Friday, 24 July 2009
First of all, what does it mean to say that an article is peer reviewed? If an article is peer reviewed, it has been checked over by scientists who work in a similar field to the submitted article. A submitted article will usually be sent to two or three reviewers, who will each read the paper and submit a report to the journal editor. The editor will then decide whether the article merits publication.
On the face of it, this would seem to imply that certain standards are being met. But there is some evidence that this isn't necessarily the case. For example, this article (found via Ben Golacre's miniblog) suggests that in Chinese journals, only 5.9-7.7% of supposed randomised controlled trials reported in peer reviewed articles had adequate procedures for randomisation. A lack of adequate randomisation means that there is a good chance of introducing bias into your trial, and it ought to be one of the first things a reviewer would check. While the article specifically addresses trials published in Chinese journals, I don't think there's any compelling reason to think that things are dramatically different in what we laughingly call the west. Anecdotally, anyone who spends time wading through journals as part of their day job will be able to come up with several examples of utterly dreadful papers that should never have been published. This is without looking at pseudojournals, such as those that concentrate on complementary and alternative medicine, where articles on quackery are peer reviewed by other quacks.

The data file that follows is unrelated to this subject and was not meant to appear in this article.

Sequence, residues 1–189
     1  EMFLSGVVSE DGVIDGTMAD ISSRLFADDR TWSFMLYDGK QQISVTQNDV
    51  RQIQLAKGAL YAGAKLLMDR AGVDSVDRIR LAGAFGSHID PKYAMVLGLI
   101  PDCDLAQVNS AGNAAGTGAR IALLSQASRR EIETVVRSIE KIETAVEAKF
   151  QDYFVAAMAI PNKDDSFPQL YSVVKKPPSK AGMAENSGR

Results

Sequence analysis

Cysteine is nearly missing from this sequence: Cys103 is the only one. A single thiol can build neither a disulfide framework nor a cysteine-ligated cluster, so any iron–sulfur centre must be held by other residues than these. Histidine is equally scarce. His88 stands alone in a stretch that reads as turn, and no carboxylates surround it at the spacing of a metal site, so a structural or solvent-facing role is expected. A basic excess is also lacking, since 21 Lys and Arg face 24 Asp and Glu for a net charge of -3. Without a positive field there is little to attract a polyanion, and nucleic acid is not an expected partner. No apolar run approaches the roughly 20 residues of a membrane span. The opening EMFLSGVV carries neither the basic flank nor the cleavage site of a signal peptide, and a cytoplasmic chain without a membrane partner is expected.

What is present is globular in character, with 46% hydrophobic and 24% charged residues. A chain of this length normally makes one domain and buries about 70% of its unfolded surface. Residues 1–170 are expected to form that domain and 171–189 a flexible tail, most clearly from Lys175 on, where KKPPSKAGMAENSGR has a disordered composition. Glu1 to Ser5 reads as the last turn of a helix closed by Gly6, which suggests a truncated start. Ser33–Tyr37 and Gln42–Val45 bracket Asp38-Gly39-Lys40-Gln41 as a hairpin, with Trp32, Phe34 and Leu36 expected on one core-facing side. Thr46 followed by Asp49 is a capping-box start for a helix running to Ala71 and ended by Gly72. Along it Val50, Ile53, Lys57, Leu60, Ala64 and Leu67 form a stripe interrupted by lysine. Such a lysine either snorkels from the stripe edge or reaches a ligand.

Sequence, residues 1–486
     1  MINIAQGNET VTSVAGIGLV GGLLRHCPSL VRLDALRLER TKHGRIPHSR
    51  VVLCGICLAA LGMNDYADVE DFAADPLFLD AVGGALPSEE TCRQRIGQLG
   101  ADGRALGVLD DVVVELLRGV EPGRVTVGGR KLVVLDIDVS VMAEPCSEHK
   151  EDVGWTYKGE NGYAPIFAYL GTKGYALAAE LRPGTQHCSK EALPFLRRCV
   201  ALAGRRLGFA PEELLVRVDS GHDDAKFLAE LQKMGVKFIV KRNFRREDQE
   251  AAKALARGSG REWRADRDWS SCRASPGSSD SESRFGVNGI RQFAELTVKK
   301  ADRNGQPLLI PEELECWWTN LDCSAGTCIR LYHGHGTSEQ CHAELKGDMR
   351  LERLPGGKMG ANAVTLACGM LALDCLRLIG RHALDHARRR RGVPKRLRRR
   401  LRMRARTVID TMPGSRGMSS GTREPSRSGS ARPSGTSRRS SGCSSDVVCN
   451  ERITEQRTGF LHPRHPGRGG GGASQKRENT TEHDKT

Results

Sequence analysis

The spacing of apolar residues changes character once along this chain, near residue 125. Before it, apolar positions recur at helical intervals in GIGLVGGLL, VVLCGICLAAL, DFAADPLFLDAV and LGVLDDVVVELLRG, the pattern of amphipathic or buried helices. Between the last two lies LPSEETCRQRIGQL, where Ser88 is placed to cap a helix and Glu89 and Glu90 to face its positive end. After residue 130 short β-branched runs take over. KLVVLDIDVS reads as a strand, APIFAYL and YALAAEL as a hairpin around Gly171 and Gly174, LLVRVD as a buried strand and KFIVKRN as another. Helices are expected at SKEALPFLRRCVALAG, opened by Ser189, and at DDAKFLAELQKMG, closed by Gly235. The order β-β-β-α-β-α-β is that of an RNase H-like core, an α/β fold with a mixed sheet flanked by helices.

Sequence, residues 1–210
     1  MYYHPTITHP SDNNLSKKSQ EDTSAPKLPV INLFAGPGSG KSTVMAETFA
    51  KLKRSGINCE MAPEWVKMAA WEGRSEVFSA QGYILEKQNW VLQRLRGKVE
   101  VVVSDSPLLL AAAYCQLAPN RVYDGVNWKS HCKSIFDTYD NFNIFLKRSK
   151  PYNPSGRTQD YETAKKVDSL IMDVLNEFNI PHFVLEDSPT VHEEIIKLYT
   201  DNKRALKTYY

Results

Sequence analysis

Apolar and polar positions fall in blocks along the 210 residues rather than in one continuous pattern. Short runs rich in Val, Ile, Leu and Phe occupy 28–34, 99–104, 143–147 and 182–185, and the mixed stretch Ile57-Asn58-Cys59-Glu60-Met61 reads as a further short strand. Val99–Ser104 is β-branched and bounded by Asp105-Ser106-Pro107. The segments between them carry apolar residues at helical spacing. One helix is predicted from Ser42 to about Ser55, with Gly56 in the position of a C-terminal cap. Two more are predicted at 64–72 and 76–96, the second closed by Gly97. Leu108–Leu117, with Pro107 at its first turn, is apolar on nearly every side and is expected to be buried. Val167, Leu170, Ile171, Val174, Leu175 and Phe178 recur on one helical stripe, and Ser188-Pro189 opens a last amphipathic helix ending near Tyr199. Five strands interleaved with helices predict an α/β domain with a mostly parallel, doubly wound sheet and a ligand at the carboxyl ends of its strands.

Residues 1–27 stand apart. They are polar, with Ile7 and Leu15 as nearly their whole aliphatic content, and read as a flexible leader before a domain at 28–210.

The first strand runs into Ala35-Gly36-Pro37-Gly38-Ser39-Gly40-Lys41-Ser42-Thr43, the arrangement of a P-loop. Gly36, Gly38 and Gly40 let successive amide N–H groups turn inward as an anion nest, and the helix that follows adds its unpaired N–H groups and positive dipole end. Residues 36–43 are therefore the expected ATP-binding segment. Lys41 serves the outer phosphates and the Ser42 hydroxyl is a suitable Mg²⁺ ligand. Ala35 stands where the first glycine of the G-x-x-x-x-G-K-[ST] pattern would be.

So, if peer review can't tell you whether a trial described as randomised is in fact randomised, what can it tell you? Does it really act as any kind of guarantee of minimum quality? I would suggest not.
That is not to say that peer review is useless as it stands. In my fairly limited experience, papers that I have submitted have always been significantly improved by peer review. But surely there's a way of making peer review "fit for purpose", to use the current jargon?